Recipient Block TMA Technique

  • Martina Mirlacher
  • Ronald SimonEmail author
Part of the Methods in Molecular Biology book series (MIMB, volume 664)


New high-throughput screening technologies have led to the identification of hundreds of genes with a potential role in cancer or other diseases. One way to prioritize the leads obtained in such studies is to analyze a large number of tissues for candidate gene expression. The TMA methodology is now an established and frequently used tool for high-throughput tissue analysis. The recipient block technology is the “classical” method of TMA making. In this method, minute cylindrical tissue punches typically measuring 0.6 mm in diameter are removed from donor tissue blocks and are transferred into empty “recipient” paraffin blocks. Up to 1,000 different tissues can be analyzed in one TMA block. The equipment is affordable and easy to use in places where basic skills in histology are available.

Key words

Tissue microarray High throughput tissue analysis Recipient block technique 


  1. 1.
    Kononen J, Bubendorf L, Kallioniemi A, Barlund M, Schraml P, Leighton S, Torhorst J, Mihatsch MJ, Sauter G, Kallioniemi OP. (1998) Tissue microarrays for high-throughput molecular profiling of tumor specimens. Nat Med 4:844–7.PubMedCrossRefGoogle Scholar
  2. 2.
    Battifora H. (1986) The multitumor (sausage) tissue block: novel method for immunohistochemical antibody testing. Lab Invest 55:244–8.PubMedGoogle Scholar
  3. 3.
    Ruiz C, Seibt S, Al Kuraya K, Siraj AK, Mirlacher M, Schraml P, Maurer R, Spichtin H, Torhorst J, Popovska S, Simon R, Sauter G. (2006) Tissue microarrays for comparing molecular features with proliferation activity in breast cancer. Int J Cancer 118:2190–4.PubMedCrossRefGoogle Scholar
  4. 4.
    Simon R, Nocito A, Hübscher T, Bucher C, Torhorst J, Schraml P, Bubendorf L, Mihatsch MJ, Moch H, Wilber K, Schötzau A, Kononen J, Sauter G. (2001) Patterns of her-2/neu amplification and overexpression in primary and metastatic breast cancer. J Natl Cancer Inst 93:1141–6.PubMedCrossRefGoogle Scholar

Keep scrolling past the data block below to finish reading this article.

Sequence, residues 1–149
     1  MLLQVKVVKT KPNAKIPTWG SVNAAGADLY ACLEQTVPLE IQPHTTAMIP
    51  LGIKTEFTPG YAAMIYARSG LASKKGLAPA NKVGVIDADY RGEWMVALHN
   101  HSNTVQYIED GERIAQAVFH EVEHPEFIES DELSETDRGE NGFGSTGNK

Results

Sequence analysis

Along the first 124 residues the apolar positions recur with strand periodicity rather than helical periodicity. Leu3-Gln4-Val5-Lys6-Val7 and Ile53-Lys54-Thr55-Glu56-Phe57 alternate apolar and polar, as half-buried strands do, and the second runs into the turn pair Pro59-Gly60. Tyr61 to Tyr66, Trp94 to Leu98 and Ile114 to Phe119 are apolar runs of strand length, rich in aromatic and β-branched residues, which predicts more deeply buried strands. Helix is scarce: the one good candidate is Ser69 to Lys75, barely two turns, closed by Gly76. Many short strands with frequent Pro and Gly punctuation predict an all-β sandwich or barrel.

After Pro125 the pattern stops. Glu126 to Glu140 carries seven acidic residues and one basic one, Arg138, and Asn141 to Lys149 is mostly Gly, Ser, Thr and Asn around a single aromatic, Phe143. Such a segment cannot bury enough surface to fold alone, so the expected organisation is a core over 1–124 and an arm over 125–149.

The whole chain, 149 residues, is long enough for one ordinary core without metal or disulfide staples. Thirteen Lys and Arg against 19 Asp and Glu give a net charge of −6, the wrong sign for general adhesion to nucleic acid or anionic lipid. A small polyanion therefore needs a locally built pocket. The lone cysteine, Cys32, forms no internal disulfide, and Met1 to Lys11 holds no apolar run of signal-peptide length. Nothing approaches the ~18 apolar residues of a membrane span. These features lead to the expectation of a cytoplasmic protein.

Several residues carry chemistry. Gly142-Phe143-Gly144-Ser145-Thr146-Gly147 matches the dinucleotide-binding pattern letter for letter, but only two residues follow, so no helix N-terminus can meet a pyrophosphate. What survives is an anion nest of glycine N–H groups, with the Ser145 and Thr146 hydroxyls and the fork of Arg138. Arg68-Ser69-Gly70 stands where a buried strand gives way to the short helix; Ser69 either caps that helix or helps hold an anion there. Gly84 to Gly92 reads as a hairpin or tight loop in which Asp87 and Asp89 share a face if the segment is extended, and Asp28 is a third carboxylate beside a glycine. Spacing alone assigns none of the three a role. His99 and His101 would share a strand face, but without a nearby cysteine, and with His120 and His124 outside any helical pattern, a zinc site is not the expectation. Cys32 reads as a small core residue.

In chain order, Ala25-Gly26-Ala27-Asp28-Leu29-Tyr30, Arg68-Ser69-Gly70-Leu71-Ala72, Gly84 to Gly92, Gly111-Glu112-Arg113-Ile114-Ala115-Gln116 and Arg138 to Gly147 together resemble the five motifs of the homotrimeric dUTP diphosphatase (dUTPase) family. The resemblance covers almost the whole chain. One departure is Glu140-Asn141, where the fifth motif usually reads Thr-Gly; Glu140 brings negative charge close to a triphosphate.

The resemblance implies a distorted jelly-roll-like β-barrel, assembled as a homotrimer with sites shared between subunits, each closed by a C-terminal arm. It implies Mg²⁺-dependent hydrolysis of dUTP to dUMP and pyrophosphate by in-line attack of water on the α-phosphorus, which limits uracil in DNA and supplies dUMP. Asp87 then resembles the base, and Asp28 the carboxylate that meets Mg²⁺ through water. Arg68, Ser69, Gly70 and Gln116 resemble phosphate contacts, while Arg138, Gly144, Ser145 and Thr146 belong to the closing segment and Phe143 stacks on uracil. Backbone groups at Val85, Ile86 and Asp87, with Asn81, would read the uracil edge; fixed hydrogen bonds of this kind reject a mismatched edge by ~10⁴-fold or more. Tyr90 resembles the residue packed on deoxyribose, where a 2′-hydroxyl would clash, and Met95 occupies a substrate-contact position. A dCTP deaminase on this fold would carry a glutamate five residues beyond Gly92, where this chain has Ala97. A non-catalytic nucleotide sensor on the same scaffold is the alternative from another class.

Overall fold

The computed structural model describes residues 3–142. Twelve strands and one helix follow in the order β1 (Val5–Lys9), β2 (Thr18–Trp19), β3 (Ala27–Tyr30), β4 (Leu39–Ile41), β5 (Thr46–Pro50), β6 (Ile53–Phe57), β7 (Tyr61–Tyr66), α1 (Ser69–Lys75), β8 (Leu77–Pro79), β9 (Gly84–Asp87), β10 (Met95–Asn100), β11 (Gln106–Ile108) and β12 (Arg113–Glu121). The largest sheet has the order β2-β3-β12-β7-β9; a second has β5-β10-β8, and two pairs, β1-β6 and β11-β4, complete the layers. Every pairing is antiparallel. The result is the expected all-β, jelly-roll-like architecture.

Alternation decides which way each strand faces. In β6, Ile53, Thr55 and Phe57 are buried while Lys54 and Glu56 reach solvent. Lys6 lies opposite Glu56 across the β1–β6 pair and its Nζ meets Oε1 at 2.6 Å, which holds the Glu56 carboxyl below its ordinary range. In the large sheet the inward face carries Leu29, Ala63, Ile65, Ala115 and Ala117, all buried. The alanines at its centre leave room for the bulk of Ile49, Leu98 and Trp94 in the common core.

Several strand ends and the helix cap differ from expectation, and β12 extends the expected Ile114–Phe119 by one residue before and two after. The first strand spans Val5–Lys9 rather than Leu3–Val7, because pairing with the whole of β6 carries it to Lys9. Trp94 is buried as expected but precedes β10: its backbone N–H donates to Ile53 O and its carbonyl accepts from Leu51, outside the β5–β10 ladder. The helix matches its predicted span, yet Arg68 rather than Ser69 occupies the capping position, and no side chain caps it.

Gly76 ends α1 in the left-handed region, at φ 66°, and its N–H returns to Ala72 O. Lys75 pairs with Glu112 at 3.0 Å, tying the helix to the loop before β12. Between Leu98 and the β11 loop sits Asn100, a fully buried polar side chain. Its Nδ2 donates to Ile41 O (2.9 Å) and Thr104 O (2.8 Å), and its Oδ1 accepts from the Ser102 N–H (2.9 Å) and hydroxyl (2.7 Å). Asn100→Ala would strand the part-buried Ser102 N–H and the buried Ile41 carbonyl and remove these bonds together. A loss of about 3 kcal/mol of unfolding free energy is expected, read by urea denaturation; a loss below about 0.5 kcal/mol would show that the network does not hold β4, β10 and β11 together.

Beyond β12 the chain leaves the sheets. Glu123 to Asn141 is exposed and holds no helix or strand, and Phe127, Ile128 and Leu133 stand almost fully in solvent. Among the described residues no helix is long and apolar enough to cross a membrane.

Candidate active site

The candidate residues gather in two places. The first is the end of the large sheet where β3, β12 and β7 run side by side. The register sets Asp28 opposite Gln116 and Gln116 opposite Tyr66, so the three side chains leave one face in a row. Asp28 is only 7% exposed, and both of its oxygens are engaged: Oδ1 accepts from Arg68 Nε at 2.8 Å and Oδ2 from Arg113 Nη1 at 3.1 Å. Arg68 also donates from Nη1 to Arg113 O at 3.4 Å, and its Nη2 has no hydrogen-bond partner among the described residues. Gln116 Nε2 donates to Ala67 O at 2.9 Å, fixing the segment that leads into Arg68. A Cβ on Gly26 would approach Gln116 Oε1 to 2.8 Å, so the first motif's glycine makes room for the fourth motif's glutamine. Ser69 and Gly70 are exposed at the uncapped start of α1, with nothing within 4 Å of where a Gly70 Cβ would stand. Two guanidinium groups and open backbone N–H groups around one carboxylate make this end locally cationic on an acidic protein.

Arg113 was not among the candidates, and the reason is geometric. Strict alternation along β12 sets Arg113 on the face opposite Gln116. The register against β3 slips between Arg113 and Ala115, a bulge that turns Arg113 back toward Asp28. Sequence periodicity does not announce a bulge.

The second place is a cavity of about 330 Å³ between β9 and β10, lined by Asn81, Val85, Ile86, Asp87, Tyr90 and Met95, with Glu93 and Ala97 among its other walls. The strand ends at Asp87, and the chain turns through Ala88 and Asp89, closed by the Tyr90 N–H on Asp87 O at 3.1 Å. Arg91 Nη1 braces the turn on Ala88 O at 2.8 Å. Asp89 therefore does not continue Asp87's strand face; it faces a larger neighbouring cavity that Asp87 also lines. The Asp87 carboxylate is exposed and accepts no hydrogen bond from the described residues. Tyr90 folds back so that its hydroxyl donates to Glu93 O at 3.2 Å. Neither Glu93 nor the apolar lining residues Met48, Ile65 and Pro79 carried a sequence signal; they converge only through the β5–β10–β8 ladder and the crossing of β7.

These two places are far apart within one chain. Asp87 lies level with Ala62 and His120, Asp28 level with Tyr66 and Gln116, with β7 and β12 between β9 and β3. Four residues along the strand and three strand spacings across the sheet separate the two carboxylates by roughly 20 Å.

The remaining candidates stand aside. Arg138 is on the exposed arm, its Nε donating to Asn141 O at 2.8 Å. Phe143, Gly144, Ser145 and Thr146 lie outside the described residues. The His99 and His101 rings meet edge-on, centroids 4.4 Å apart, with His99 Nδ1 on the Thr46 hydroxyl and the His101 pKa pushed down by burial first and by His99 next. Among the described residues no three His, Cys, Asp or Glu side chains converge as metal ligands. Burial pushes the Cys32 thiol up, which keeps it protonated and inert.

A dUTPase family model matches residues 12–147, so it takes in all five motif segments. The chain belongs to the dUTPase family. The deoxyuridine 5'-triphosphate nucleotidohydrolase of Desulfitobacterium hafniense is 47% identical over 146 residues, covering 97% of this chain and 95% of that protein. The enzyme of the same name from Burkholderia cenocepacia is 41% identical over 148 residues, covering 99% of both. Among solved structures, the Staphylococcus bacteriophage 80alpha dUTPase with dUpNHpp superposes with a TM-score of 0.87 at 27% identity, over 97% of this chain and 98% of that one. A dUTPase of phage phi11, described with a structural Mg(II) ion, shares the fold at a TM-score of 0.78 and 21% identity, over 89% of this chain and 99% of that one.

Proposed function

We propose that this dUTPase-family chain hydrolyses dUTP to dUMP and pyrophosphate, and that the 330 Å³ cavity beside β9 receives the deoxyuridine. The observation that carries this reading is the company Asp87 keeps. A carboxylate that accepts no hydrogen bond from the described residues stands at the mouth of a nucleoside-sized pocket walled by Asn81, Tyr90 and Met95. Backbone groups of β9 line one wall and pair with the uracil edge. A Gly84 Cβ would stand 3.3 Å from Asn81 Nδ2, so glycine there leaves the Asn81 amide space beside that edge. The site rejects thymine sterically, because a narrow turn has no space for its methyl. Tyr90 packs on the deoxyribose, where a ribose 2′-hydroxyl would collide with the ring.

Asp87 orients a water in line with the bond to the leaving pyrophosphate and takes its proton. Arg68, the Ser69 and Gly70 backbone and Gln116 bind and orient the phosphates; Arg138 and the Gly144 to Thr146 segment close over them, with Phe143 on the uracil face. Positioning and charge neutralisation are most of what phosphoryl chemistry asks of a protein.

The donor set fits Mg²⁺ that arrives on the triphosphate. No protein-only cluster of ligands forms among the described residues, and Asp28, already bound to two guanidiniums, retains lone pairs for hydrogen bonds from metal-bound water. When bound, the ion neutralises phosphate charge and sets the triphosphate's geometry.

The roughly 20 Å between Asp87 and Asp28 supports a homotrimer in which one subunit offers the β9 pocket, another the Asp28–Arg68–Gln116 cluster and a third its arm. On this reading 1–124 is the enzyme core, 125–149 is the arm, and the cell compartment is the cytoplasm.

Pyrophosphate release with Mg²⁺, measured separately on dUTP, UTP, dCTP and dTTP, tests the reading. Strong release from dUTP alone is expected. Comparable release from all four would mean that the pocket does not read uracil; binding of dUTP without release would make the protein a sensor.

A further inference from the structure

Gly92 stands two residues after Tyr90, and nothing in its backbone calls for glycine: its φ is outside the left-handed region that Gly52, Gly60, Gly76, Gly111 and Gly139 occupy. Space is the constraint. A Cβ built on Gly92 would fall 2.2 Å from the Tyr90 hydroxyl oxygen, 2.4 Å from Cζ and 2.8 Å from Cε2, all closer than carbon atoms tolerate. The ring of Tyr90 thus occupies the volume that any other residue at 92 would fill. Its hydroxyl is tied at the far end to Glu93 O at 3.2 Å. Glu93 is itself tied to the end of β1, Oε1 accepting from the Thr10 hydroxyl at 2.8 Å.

5. 5.
    Torhorst J, Bucher C, Kononen J, Haas P, Zuber M, Kochli OR, Mross F, Dieterich H, Moch H, Mihatsch M, Kallioniemi OP, Sauter G. (2001) Tissue microarrays for rapid linking of molecular changes to clinical endpoints. Am J Pathol 159:2249–56.PubMedCrossRefGoogle Scholar
  6. 6.
    Schlomm T, Iwers L, Kirstein P, Jessen B, Kollermann J, Minner S, Passow-Drolet A, Mirlacher M, Milde-Langosch K, Graefen M, Haese A, Steuber T, Simon R, Huland H, Sauter G, Erbersdobler A. (2008) Clinical significance of p53 alterations in surgically treated prostate cancers. Mod Pathol 21:1371–8.PubMedCrossRefGoogle Scholar
  7. 7.
    Bubendorf L, Kolmer M, Kononen J, Koivisto P, Mousses S, Chen Y, Mahlamaki E, Schraml P, Moch H, Willi N, Elkahloun AG, Pretlow TG, Gasser TC, Mihatsch MJ, Sauter G, Kallioniemi OP. (1999) Hormone therapy failure in human prostate cancer: analysis by complementary DNA and tissue microarrays. J Natl Cancer Inst 91:1758–64.PubMedCrossRefGoogle Scholar
  8. 8.
    Nocito A, Bubendorf L, Tinner EM, Suess K, Wagner U, Forster T, Kononen J, Fijan A, Bruderer J, Schmid U, Ackermann D, Maurer R, Alund G, Knonagel H, Rist M, Anabitarte M, Hering F, Hardmeier T, Schoenenberger AJ, Flury R, Jager P, Fehr JL, Schraml P, Moch H, Mihatsch MJ, Gasser T, Sauter G. (2001) Microarrays of bladder cancer tissue are highly representative of proliferation index and histological grade. J Pathol 194:349–57.PubMedCrossRefGoogle Scholar

Copyright information

© Springer Science+Business Media, LLC 2010

Authors and Affiliations

  1. 1.Institute of PathologyUniversity Medical Center Hamburg EppendorfHamburgGermany

Personalised recommendations